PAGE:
“Link Between Weather and Chronic Pain Is Emerging Through and Innovative National Smartphone Research Project.” Press release, The University of Manchester, http://www.manchester.ac.uk/discover/news/link-between-weather-and-chronic-pain-is-emerging-through-an-innovative-national-smartphone-research-project/
Canonico’s research indicates that the performance-related benefits of telework decrease over time. After collected data from over 500 employees of a British organization, she determined that “The benefits of working from home disappear over time for both employees and organisations if it is a full-time arrangement. . . . While previous studies have demonstrated that home workers are more productive than office-based workers, . . . [this study] shows that on a long term basis, there are no differences between home and office workers. The reason, according to Dr. Esther Canonico from LSE’s Department of Management, is that employees no longer see home working as a discretionary benefit or a ‘privilege’ when it becomes the ‘norm’ in an organisation. Dr. Canonico says: ‘The study showed that some home working employees feel resentful that employers don’t pay their utility bills, or cover stationery costs, for example. Some managers, on the other hand, feel home workers take advantage of the situation. . . . .Some of the downsides of home working are an increased sense of professional isolation and a decrease in sharing knowledge with colleagues. It’s not for everyone but it is becoming entrenched into our working culture.’”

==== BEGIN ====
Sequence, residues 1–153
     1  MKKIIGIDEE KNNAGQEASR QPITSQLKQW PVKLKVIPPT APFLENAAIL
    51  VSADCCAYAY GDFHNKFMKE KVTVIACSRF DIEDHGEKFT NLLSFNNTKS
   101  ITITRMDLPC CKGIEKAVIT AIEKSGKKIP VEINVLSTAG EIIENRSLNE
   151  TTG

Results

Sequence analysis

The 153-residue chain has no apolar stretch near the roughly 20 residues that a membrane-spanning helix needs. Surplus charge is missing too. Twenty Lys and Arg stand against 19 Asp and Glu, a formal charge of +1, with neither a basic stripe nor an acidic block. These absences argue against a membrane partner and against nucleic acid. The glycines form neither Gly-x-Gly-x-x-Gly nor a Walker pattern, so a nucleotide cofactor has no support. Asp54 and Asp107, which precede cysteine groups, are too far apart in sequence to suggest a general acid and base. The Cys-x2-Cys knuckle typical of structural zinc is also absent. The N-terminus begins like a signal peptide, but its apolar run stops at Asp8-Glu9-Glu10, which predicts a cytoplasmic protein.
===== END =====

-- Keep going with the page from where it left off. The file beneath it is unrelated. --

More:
“Home Working Loses Its Appeal Over Time for Both Companies and Staff.” 2016. Press release, The London School of Economics and Political Science, http://www.lse.ac.uk/newsAndMedia/news/archives/2016/09/Home-working.aspx.
Researchers probed human responses to triangles in different orientations. They have learned that “the same triangular stimuli were generally rated as less pleasant, less liked, and less familiar when they pointed downward than when they pointed upward.”
Xu Shen, Xiaoang Wan, Bingbing Mu, and Charles Spence. 2015. “Searching for Triangles: An Extension to Food and Packaging.” Food Quality and Preference, vol. 44, pp. 26-35.